It’s always a pleasure to see music played live in St. Anne’ Church; a beautiful light baths everything as it pours through the stained glass windows. On occasions such as today, when the music has a certain majestic quality to it as well, audience members can end up being privy to something quite special; Stuart McCallum’s Manchester Jazz Festival commission here a couple of years ago was one such time, and there are high hopes for Neil Yates’s antiphonal performance this coming July too. But today it was the turn of Olivia Moore and her Unfurl group to inject some splendour into the lazy Manchester Sunday afternoon.
Moore has been an active part of the city’s alternative music scene for some years now, and her approach to music is one well worthy of admiration. Having trained originally as a classical violinist her playing has a purity about it, that when mixed with her interests in Arabic, Indian classical and jazz forms too, and it becomes is a heady concoction of energy and serenity in equal measures.
Showcasing Unfurl’s relatively recent line-up revision this concert was eagerly anticipated by fans who had enjoyed previous live performances. Alongside Moore on violin were percussionist, and long-time collaborator, Adam Warne; Jim Faulkner who has taken over from Stuart McCallum on guitar; bassist Gavin Barras; and finally second percussionist John Ball, who has now become a full time member of the group following his successful appearance with Unfurl at last year’s Manchester Jazz Festival.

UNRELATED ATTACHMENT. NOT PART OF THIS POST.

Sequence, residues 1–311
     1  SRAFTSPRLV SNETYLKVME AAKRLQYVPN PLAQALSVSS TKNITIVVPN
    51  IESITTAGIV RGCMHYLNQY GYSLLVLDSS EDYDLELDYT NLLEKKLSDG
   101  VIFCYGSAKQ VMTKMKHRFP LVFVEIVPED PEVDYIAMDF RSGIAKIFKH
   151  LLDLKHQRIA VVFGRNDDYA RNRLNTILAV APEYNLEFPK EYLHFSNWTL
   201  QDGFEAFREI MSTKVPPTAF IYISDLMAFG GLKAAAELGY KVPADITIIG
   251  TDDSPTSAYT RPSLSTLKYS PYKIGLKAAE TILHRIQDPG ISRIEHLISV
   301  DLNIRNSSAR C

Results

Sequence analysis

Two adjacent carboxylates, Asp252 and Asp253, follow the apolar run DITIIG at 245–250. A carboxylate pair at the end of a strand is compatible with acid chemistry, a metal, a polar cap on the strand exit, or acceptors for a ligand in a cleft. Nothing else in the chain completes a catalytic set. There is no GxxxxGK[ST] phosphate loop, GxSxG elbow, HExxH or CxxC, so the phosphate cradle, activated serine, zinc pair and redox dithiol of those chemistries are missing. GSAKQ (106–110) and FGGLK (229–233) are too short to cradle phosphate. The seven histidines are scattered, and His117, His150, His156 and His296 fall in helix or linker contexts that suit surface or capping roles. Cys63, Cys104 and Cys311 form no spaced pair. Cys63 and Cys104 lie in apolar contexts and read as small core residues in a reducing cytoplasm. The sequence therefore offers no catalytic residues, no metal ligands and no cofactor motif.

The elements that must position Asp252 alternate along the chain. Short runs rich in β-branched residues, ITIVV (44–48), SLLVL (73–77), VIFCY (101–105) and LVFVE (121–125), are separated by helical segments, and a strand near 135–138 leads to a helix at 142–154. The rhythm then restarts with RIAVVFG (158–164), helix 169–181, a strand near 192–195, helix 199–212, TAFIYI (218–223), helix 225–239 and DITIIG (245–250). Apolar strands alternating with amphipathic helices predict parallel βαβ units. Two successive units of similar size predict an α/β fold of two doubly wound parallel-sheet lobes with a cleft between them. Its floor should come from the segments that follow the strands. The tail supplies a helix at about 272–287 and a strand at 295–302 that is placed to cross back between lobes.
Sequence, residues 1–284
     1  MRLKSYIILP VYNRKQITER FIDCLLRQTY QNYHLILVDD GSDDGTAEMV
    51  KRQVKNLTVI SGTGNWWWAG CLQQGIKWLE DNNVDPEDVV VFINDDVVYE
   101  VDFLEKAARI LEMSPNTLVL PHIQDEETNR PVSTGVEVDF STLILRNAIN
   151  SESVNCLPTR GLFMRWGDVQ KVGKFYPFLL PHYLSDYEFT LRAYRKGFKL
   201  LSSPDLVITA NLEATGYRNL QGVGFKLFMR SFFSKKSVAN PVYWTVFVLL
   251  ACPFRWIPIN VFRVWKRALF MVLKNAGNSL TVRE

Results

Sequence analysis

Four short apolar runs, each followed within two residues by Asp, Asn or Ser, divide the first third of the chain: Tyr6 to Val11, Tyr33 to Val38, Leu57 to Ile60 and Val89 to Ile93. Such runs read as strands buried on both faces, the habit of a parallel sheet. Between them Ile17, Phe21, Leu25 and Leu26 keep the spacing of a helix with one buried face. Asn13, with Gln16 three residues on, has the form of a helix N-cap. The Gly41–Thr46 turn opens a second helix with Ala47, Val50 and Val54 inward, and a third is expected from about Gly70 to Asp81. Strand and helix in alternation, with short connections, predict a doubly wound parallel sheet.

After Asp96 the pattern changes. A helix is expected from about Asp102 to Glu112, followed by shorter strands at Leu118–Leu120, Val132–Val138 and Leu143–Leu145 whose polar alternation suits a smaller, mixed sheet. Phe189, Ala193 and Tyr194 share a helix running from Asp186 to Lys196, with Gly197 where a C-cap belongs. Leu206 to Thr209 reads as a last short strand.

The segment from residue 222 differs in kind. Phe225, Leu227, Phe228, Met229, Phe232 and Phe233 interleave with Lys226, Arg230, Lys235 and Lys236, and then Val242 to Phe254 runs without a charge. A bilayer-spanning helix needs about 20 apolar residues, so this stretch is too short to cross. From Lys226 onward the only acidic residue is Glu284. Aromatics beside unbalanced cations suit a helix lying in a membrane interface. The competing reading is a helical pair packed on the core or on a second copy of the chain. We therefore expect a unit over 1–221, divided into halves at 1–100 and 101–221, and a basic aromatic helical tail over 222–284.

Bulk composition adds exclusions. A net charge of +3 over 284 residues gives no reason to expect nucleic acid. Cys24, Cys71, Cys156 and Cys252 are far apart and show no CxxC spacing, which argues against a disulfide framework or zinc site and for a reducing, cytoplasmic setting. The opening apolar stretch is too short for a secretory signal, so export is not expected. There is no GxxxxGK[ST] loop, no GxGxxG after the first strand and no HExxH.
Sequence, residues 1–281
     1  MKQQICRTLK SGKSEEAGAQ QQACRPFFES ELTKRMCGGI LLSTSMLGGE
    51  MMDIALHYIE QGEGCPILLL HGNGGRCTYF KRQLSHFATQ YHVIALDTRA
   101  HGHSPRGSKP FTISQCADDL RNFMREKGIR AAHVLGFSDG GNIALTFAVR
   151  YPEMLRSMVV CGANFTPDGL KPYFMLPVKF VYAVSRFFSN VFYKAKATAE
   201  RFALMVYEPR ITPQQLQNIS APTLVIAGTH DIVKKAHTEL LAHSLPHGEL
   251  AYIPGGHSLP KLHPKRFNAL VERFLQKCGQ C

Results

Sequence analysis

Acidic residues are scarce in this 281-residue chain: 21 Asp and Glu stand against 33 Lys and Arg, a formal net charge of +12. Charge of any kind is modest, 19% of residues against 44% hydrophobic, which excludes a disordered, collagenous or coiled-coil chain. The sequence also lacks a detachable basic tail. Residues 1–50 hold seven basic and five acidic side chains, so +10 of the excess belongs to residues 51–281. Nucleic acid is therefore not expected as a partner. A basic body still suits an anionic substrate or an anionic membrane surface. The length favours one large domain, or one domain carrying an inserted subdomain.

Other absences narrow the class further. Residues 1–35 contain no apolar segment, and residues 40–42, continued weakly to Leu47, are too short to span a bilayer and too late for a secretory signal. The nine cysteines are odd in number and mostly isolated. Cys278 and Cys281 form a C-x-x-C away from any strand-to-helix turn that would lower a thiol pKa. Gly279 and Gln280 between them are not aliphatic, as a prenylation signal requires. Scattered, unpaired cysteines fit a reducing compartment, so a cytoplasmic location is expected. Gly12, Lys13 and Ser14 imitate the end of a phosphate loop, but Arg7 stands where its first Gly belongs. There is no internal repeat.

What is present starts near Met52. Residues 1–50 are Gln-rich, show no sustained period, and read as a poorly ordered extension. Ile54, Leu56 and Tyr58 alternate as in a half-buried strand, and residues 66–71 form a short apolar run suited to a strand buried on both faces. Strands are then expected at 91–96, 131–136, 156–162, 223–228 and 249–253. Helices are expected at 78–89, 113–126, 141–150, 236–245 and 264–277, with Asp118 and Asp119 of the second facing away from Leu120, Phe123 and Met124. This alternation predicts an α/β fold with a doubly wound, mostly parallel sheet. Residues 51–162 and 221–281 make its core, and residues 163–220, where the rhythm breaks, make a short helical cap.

The group performed tracks from Moore’s debut outing Amaghasiddhi, as well as several of those compositions featured in at the the Manchester Jazz Festival commission. There were also a few new peices that went a long way in showing how the new members of Unfurl were influencing the groups overall sound. As usual Moore’s compositions were exuberant and poignant affairs; each section of music acting like miniature vignettes. This is music that is intricate and yet capable of telling a universal story, what that story is, is probably very different to each listener, but it is this ability to conjure vivid imagery that makes it hugely accessible. There is no doubt that this is serious music, but many of Moore’s compositions have a devious or off-kilter feel to them. This is particularly true of the infectious Amitabha; a track akin to the more joyful and melodic early period The Penguin Cafe Orchestra. ‘City’ too was a particular highlight, with guitarist Jim Faulkner and Moore diving and swirling around each other playfully. In contrast ‘Fire’ was an altogether more edgy affair with Gavin Barras taking the group down a trance-like path with his pulsing bass riff. Rhythm dominated melody in this instance, resulting in a frantic swirl of sound that was reminiscent of The Master Musicians of Jajouka from Morocco.
This group has a very personal sound that is truly unique. Obviously each member brings a vast array of global influences to the table, but this is not ‘world music’ or ‘ethnic music’; it is simply music – a fusion in the truest sense. Enriching and full of life, this was one Sunday event well worth getting out of bed for.